The European Food Safety Authority (EFSA) was established in 2002 in response to food scares such as BSE (bovine spongiform encephalitis or “mad cow disease”) and avian influenza. EFSA does not grant market authorization, but is broadly responsible for providing scientific advice and implementation tools necessary to support effective implementation of all EU-wide legislation developed by the EC’s Health & Food Safety Directorate General (DG-SANTE).
Based in Parma, Italy, EFSA’s specific responsibilities include:
The EFSA Animal Welfare page explains the EU regulatory framework on animal welfare and relevant EFSA activities.
The 2010 technical report, Database of guidance on different toxicity end-points, risk assessment methodologies and data collection related to food, feed, animal health and welfare and plant health (EFSA Journal 2010; 8(3):1518), was developed with the purpose of providing “an inventory of guidance and test methodologies that have been developed or are in the process of being developed on risk assessment related to food and feed safety” covering scientific aspects, procedural aspects, and quality assurance.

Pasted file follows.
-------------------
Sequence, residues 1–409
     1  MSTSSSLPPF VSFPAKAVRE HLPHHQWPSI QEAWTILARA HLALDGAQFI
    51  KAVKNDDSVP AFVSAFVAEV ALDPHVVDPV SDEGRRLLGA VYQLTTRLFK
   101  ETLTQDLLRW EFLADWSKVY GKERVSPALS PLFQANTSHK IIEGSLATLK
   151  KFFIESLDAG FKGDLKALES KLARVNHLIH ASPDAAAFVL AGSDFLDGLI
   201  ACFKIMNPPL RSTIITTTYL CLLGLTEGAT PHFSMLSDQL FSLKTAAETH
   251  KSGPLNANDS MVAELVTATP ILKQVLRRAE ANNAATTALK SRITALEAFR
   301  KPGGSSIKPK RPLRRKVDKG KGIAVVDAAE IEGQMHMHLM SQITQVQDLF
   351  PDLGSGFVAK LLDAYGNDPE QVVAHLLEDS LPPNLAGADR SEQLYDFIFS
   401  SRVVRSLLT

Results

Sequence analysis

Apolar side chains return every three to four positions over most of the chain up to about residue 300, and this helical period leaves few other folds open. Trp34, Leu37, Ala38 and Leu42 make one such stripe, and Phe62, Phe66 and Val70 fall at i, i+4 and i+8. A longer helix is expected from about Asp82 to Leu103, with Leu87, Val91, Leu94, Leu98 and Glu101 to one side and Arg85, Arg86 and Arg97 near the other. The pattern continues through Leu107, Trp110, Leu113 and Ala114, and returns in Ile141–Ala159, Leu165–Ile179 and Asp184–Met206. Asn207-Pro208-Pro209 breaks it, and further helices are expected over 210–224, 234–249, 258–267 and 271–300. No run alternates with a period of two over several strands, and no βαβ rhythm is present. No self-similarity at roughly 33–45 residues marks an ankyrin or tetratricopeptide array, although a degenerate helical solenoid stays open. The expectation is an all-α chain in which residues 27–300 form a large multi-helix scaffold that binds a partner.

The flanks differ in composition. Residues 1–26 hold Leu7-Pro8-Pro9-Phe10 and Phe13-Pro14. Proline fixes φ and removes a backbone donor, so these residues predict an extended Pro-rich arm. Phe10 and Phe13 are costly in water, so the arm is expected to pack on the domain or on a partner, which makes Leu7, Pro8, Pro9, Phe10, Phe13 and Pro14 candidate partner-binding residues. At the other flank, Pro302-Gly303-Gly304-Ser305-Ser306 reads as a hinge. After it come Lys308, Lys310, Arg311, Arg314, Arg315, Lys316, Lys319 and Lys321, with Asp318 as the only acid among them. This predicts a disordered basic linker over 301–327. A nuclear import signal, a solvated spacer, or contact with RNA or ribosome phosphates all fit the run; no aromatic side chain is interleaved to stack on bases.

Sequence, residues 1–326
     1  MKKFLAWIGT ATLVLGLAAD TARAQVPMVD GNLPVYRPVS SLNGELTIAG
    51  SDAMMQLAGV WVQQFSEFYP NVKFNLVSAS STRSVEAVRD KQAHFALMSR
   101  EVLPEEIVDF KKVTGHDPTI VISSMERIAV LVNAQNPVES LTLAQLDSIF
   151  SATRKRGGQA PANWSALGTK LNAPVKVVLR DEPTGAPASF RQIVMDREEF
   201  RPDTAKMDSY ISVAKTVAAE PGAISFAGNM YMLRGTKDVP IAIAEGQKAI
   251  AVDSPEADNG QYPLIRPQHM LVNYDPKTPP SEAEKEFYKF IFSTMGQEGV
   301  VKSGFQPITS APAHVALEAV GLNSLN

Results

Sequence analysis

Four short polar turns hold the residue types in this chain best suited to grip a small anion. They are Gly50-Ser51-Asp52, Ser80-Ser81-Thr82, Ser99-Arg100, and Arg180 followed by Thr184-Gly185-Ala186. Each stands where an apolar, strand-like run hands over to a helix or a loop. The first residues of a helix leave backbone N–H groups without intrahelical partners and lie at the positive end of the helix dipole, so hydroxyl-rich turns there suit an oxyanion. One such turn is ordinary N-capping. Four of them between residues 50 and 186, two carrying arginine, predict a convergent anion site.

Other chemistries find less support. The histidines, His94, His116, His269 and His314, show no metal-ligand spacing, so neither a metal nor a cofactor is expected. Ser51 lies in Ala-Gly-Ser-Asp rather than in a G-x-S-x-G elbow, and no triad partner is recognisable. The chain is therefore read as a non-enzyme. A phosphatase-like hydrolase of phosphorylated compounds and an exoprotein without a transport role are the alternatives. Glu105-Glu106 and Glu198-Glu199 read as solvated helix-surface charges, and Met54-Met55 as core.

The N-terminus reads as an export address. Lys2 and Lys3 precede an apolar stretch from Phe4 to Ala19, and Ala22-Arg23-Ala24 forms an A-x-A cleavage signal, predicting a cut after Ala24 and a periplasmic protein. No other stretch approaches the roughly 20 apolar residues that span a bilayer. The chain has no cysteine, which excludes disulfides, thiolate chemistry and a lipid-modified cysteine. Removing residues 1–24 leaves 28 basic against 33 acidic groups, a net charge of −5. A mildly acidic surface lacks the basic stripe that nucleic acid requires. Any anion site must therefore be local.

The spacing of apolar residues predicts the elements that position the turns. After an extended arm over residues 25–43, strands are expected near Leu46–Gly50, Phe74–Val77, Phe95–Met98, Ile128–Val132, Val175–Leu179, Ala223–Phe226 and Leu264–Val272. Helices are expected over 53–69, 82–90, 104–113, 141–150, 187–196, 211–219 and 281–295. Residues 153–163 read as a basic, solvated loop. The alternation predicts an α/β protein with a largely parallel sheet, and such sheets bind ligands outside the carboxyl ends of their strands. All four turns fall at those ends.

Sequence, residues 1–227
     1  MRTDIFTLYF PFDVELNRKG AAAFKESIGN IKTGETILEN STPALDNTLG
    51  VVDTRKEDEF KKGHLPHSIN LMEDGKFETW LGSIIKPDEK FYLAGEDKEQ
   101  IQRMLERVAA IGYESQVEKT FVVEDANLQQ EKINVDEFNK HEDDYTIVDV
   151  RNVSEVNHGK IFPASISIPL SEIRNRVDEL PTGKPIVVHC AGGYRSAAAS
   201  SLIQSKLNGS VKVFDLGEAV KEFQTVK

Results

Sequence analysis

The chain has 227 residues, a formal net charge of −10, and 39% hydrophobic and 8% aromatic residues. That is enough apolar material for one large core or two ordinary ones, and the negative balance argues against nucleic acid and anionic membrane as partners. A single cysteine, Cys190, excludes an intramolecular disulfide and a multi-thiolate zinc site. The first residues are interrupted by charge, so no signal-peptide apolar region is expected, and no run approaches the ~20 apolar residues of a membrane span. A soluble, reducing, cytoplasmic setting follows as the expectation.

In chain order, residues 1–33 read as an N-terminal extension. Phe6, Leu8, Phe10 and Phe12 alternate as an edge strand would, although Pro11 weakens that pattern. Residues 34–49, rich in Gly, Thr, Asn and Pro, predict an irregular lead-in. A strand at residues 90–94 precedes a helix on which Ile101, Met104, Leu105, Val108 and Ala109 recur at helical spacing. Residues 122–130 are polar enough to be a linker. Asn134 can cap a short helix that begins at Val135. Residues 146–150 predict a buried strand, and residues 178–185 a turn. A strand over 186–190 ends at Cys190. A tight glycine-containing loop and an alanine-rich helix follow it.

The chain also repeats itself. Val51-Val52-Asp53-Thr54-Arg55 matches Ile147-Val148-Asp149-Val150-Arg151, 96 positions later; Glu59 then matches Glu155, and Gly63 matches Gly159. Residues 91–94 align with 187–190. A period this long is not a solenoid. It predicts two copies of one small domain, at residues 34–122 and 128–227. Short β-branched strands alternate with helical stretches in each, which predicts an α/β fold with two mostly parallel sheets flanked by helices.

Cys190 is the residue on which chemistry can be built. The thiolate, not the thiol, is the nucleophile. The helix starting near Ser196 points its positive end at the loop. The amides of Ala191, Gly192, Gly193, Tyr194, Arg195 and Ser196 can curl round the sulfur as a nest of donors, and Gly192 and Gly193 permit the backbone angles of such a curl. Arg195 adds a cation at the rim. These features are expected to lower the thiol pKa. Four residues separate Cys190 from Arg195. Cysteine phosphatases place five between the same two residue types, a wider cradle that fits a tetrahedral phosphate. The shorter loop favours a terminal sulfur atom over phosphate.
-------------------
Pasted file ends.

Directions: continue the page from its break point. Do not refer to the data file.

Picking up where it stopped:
The hazard characterization methods covered include the following:
The EFSA Applications Helpdesk provides access to the current guidance documents applicable to the risk assessment of the products it reviews, including those for pesticides, food ingredients, feed additives, and food contact materials.
European Medicines Agency
The European Medicines Agency (EMA) is responsible for the protection and promotion of human and animal health through the scientific evaluation of medicines developed by pharmaceutical companies for use in the European Union. It began operating in 1995 and is based in London.
Safety monitoring of medicines
EMA established in 2011, the Joint Committee for Medicinal Products for Veterinary Use/Committee for Medicinal Products for Human Use Ad-hoc Expert Group on the Application of the 3Rs in Regulatory Testing of Medicinal Products (JEG 3Rs). JEG 3Rs provides advice and recommendations to the Committee for Medicinal Products for Veterinary Use (CVMP) and Committee for Medicinal Products for Human Use (CHMP) on all matters relating to the use of animals and the application of the ‘3 R’ principles (replacement, reduction, and refinement) in the testing of medicines for regulatory purposes.
The Council of Europe is an international organization located in Strasbourg (France) and comprises 48 countries of which 28 are EU member states. “It was set up to promote democracy and protect human rights and the rule of law in Europe.”